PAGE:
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No stamped document required for gift of movable property,

But it is advisable to keep letter of gift from donor on record!

Several AM readers poured in their questions in response to the article last Monday on gifts and income-tax liability. Some of these queries which touch issues of popular interest are replied hereunder:


Query:  Your article states that gifts received by an individual from his relative are treated as exempt, even beyond Rs.50,000 in a year. Can you please elaborate which relatives are covered for this purpose?

 Reply: One of the important exceptions provided under Section 56 of the Income-tax Act, in regard to taxing gifts as income, is in respect of sums received by any individual from his/her relative out of natural love and affection.  For this purpose, the term ‘relative’ has been defined to include the individual’s spouse, brother or sister of the individual or spouse, brother or sister of either of the parents of the individual, any lineal ascendant or descendant of the individual or spouse and finally the spouse of any of the above-referred persons. 

 Lineal ascendants of an individual would include his father, mother, grandfather, grandmother and so on.  Lineal ascendants of the spouse would include in-laws of the individual in the like category.  Similarly, lineal descendants of the individual and the spouse would cover their son, daughter, grandson, granddaughter and so on.  Thus beyond the direct parent-child relationship, Dada-Dadi, Nana-Nani, Pota-Poti etc. all get covered within the meaning of the term ‘relative’ from whom any gift received is treated as fully exempt.

 Moreover, apart from the closest members of the immediate family such as parents, children, brothers and sisters, even uncles and aunts (such as Kaka-Kaki, Mama-Mami, Masa-Masi, Foi-Fua) and also in-laws in these categories have been empowered to give tax free gifts without any monetary limits. 

 However, it needs to be borne in mind that cousins, nephews and nieces have been kept out of the list of ‘relative’ for the above purpose.


 Query:  I am a Doctor planning to procure an expensive instrument worth Rs.50 lakhs, which has also public health application.  A cousin of mine inUSA proposes to pay for the same and send the same to me as a gift.  Will this attract any income-tax liability in my hands?

 Reply:  There are two important aspects to be considered under your question.  Firstly, whether your ‘cousin’ can be considered as a relative within the meaning of Section 56(2)(vi)?  The answer is ‘No’, since ‘cousin’ does not fall within the definition of ‘relative’ for the purpose of gifts being treated as exempt from income-tax.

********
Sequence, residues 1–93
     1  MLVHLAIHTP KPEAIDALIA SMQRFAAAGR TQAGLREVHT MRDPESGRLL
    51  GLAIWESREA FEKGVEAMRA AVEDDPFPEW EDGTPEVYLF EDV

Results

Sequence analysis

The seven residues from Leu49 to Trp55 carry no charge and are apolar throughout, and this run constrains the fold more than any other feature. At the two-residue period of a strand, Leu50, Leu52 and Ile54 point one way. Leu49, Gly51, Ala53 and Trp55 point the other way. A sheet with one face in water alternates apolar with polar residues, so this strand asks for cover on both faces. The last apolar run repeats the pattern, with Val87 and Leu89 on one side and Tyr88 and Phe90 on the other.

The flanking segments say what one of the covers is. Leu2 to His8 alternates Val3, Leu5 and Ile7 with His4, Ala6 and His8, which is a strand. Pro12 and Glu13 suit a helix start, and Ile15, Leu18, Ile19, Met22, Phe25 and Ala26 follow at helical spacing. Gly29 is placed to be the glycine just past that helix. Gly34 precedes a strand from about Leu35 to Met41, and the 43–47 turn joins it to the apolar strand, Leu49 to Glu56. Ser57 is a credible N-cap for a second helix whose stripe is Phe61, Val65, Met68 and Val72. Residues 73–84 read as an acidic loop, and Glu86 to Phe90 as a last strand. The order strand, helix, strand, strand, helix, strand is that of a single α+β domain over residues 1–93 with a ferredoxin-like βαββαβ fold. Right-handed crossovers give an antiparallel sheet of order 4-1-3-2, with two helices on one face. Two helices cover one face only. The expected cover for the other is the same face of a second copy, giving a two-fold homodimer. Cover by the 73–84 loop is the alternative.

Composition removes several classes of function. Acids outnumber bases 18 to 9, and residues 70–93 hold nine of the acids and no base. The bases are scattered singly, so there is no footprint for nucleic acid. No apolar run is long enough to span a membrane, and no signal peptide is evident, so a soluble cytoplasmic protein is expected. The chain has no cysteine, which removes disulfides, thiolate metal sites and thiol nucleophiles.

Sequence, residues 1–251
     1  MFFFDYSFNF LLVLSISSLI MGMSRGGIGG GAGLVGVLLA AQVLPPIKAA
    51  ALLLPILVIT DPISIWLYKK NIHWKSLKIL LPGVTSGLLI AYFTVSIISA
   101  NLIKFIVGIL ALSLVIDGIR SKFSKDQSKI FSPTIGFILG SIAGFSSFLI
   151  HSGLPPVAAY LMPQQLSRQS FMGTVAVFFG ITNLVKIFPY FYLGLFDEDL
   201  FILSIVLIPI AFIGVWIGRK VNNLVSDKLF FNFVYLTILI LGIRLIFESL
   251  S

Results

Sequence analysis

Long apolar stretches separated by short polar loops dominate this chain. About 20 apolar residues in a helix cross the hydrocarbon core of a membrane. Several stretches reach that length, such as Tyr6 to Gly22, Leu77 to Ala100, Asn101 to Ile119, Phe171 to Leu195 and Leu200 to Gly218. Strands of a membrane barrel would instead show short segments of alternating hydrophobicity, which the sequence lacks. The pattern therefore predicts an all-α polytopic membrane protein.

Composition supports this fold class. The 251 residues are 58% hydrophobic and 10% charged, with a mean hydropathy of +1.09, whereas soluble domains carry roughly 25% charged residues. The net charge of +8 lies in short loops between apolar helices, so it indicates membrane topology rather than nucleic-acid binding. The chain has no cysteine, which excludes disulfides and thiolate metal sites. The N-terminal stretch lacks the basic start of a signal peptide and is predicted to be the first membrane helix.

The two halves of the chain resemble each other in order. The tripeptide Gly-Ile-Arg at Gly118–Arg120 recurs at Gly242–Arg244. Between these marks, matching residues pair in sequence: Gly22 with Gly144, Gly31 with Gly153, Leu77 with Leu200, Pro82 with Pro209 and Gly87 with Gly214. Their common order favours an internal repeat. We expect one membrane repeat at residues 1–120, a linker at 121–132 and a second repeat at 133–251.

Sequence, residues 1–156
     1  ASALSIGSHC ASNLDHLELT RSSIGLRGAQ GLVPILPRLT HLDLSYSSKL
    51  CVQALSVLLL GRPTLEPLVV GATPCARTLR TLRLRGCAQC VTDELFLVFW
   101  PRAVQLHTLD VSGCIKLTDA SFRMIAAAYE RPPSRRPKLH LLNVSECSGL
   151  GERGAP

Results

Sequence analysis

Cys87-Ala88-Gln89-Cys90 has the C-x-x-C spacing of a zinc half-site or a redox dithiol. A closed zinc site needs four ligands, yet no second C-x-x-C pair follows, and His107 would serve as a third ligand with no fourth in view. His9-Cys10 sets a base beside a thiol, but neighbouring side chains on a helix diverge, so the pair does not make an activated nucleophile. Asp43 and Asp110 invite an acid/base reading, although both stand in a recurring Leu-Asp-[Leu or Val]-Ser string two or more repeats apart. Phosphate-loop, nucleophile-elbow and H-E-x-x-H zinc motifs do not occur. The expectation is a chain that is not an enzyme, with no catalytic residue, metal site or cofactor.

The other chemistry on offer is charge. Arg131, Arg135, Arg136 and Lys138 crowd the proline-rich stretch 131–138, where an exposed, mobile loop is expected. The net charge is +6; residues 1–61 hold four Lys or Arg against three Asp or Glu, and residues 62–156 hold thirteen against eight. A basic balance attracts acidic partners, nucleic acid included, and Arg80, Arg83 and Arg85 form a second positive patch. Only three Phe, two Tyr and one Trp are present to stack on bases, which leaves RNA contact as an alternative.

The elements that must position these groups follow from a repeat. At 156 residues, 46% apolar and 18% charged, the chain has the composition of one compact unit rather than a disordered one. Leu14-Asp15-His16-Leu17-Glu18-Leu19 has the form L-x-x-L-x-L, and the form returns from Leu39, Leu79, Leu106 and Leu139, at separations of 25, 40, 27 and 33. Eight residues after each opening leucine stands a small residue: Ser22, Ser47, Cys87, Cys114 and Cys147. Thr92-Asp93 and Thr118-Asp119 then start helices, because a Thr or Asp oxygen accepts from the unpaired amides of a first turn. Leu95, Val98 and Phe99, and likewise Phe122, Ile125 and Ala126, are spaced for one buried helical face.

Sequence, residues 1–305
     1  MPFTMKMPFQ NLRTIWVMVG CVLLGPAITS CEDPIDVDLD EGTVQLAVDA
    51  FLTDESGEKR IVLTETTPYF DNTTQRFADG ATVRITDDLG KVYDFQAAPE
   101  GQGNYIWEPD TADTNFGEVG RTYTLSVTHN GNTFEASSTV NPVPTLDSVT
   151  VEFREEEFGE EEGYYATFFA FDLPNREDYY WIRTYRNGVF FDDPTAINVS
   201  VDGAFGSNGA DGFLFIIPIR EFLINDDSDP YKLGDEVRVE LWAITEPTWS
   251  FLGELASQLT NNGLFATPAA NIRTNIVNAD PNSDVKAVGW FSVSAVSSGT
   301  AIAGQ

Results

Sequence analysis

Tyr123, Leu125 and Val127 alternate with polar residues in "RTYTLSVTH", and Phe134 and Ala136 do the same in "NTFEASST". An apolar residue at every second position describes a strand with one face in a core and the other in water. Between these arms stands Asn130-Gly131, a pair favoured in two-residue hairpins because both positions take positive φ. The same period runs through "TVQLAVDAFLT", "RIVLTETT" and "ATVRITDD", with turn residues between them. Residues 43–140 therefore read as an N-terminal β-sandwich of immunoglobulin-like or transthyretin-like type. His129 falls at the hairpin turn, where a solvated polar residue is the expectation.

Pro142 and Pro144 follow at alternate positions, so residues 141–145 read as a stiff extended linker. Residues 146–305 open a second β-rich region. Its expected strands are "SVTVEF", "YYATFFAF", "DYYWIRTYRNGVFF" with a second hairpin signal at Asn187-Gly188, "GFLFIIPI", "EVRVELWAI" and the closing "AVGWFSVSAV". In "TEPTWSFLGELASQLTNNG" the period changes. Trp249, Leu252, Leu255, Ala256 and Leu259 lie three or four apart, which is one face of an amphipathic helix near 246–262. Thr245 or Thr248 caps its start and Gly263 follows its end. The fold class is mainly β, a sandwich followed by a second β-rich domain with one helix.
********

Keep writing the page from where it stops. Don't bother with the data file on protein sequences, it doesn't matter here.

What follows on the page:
However, you should note that Section 56(2)(vii) casts income-tax liability only in respect of a ‘gift in kind’ exceeding Rs.50,000 which is covered in the list of nine specified properties, including land & building, shares & securities, bullion, jewellery, archaeological collections, drawings, paintings and any work of art. The gift of the medical instrument, though exceeding Rs.50,000 in value, would clearly fall outside the liability for income-tax, since it does not fall in this list. You may, therefore, go ahead and procure your public health application without any worry or concern.


Query: I am a retired Government Officer. I intend to gift some of  my investments to my major son so that I can also  derive  the benefit  of  income-tax  saving, since I am  in  the  maximum  tax bracket  and he is not having any taxable income.  Kindly let me know the legal procedure for the same.

 Reply: Under the Transfer of Property Act, while the gift of an immovable  property  cannot  be effective or  complete  until  the execution of a registered gift deed, attested by signatures of two witnesses  alongwith  the signature of the donor of the  gift,  no such  requirement is prescribed in regard to a gift of  a  movable property.   Under this law, the only requirement is delivery of possession of the movable property by the donor to the donee and acceptance by the donee of the same.

 Accordingly,  it  is  not necessary for you  to  execute  any stamped  document  in support of the gift you propose to  make  to your  son.  It would, however, be advisable for you to  address  a forwarding letter to your son, stating clearly that you are making a  gift  to  him out of natural love and affection  borne  by  you towards  him  and  also  mentioning  the  details  of  the  gifted property  (for  example, date and number of the cheque  or  draft, name of the bank and amount, etc. as the case may be).  This would act as supporting evidence in the case of your son, when in future, he may be required to explain the source of the investment held by him and the income derived therefrom.  Your son should confirm acceptance of the said gift by way of acknowledgement.

 In case of gift of shares, units or bonds, it would be necessary for you to execute a transfer form for the said purpose.  In case of gift of a fixed deposit, you may prefer to also address a letter to the bank or the financial institution, informing them regarding the gift and requesting them to take the name of the donee on their record.

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